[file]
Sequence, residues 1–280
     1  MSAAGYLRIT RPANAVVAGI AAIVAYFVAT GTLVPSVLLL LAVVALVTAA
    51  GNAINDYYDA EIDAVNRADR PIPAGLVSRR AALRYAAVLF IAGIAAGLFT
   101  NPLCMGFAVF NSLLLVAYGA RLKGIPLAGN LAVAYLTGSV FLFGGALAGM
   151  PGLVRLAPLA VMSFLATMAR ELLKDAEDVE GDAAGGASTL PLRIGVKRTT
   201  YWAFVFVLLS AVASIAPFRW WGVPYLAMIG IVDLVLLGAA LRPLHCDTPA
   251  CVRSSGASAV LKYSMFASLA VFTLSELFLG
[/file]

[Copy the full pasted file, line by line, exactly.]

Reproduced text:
Sequence, residues 1–280
     1  MSAAGYLRIT RPANAVVAGI AAIVAYFVAT GTLVPSVLLL LAVVALVTAA
    51  GNAINDYYDA EIDAVNRADR PIPAGLVSRR AALRYAAVLF IAGIAAGLFT
   101  NPLCMGFAVF NSLLLVAYGA RLKGIPLAGN LAVAYLTGSV FLFGGALAGM
   151  PGLVRLAPLA VMSFLATMAR ELLKDAEDVE GDAAGGASTL PLRIGVKRTT
   201  YWAFVFVLLS AVASIAPFRW WGVPYLAMIG IVDLVLLGAA LRPLHCDTPA
   251  CVRSSGASAV LKYSMFASLA VFTLSELFLG